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5 Things to Think About When Creating a Social Media Content Strategy
Posted on July 28th 2013
One of the most fun and frustrating things to do working in social media is coming up with content strategies. Developing a great strategy is the opportunity to present a brand in a way that is informative, entertaining and useful. Some people create and post content on the fly; however I highly recommend that you think strategically when trying to create content that will resonate with your audience. As marketers we are competing with friends, family and other marketers for real estate in news feeds, so we have to come up with quality content. Creating a strategy can be difficult at times, so here are 5 things to think about.
1. Who are you trying to reach?
The first step to creating any social media content strategy is knowing your who you are trying to reach. Knowing information about age, gender, location and even interests used to build the community will give you a great starting point when it comes to creating awesome content. At the end of the day, we have to give the people what they want to keep their attention. News feeds are ruthless battlegrounds, so you have to arm yourself with as much demographic knowledge as possible to be competitive.
2. What do they care about?
Once you know who your audience is, you have to know what engages them. What makes them respond or take action? What do they truly like or find interesting? Don’t make the mistake of creating only meme-tastic content; your goal should be to take the immediate interest that they have expressed by connecting with your page and extrapolate all of the other possible interests they might have. THIS is where you will come up with the complexity in your content strategy. A complex and dynamic approach to content will make your communities stick around. Another important point here is to try to have a relevant image with every content piece. 90% of information transmitted to the brain is visual, and that we process visuals 60,000x faster than regular text. On Facebook, 74% of the posts are comprised of photo content and they nab roughly 95% of total brand engagement. Find out what they care about, make it pretty to look at.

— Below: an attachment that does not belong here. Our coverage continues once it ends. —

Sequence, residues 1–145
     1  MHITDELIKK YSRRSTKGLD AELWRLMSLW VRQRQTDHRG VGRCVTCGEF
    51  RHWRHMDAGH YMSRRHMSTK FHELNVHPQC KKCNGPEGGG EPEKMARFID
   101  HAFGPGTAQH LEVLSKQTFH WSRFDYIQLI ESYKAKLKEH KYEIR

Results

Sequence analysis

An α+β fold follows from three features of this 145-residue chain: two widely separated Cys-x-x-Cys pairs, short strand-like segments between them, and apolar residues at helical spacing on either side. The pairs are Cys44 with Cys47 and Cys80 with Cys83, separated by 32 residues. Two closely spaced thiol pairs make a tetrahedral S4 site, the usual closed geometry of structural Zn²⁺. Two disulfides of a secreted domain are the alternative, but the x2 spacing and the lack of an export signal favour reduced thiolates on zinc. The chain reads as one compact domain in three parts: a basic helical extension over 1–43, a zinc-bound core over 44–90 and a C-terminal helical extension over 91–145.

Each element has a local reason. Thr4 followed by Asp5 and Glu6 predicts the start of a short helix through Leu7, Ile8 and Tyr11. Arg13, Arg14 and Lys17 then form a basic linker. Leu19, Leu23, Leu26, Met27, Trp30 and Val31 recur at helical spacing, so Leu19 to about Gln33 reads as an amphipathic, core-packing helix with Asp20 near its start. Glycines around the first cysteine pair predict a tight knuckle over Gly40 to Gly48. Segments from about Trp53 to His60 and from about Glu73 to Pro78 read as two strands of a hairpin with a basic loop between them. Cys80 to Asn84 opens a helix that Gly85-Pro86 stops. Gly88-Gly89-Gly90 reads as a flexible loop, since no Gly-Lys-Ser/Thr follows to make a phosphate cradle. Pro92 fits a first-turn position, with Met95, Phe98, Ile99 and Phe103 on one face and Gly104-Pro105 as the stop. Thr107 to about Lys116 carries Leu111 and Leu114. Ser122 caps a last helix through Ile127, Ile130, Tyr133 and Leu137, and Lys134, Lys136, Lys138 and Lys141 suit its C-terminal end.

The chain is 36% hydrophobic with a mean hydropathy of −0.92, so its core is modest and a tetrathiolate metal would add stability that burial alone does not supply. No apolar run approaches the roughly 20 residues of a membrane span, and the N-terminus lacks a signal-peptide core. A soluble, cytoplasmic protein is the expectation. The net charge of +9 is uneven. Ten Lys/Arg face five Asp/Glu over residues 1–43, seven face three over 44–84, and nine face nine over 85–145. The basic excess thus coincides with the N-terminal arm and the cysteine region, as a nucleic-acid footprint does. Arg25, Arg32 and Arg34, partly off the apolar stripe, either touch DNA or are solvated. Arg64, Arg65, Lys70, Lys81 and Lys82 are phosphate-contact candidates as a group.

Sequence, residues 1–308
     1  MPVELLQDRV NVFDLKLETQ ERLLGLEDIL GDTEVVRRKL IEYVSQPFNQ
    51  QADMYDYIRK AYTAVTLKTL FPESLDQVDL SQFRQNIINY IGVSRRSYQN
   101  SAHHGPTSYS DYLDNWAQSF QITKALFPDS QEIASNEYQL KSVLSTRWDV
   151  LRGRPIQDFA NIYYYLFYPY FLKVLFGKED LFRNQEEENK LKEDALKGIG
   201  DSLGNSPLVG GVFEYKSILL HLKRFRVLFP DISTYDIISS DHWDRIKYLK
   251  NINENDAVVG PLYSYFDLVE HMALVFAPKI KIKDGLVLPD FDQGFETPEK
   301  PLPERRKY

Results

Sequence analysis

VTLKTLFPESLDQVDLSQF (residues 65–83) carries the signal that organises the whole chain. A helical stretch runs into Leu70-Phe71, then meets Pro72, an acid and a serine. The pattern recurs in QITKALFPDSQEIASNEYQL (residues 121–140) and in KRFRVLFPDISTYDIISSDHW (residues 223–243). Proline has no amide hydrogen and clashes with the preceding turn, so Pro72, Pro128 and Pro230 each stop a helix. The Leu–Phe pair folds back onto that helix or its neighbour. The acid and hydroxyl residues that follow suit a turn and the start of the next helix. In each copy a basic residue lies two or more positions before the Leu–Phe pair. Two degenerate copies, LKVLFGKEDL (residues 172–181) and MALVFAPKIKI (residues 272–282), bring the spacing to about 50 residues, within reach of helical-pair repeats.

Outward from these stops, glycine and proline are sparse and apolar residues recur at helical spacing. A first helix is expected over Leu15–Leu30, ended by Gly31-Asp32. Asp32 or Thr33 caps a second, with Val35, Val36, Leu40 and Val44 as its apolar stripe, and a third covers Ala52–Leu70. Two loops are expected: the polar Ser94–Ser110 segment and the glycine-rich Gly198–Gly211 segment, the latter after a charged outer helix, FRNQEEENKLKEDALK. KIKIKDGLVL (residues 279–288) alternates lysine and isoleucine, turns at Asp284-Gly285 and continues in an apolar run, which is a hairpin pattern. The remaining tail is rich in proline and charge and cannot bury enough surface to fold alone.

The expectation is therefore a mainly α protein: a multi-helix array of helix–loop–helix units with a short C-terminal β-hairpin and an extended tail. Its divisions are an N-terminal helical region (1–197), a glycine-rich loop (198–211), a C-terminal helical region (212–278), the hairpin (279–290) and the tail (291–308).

3. How often will you post?
A recent study showed that 60% of big brands surveyed posted at least once per day. Should you follow suit or only post when you have something to say? Having a content calendar will help you know when and how often you should post. I recommend starting off around 3 posts per week and increasing as you see fit. In the same study, some brands posted a few times per day and saw consistently high engagement rates. This might be a good route to go if you have a lot to communicate with your audience about. Posting consistency is all about testing and LISTENING to your audience. Keep an eye on your Unlikes for an indication of when you might be posting a little too much. If you see a consistent rise in Unlikes, it’s time to reconsider your strategy.
4. Are you using ALL of your brand assets?
This is one of the biggest mistakes that I see up and coming brands make. Leaving valuable brand assets on the table robs you of a ton of great possible engagement points. Think of it like this, if there is something remotely interesting on your website, it should be up for discussion for use on social. Many times, your own website is a great starting point for content ideas. In an age of memes and cat pictures, we often overlook great content in our own backyards. Keep in mind, you might need to tweak things a bit, however always try to use everything available to your before looking externally for content. Always make the most of what you have!
5. Don’t forget the lurkers!
Ted Rubin is someone that I admire very much in the industry and he recently discussed the value of “lurkers” in social media. Essentially, these people are those that connect with your page and digest content, however they never engage. Just because people don’t engage doesn’t mean that they won’t click through to your website to buy. We all like to rate our social campaigns based on engagement and fan growth, however I would argue that we should also measure traffic to your website to keep tabs on those lurkers. You can do this per post if you want to get really granular with your data. If a post doesn’t get engagement but generates clicks to your site, is it bad content? Of course to do this, every post would need a shortened link or custom URL. In the end, lurkers are members of your community too!
Photo Credit: Content Strategy/shutterstock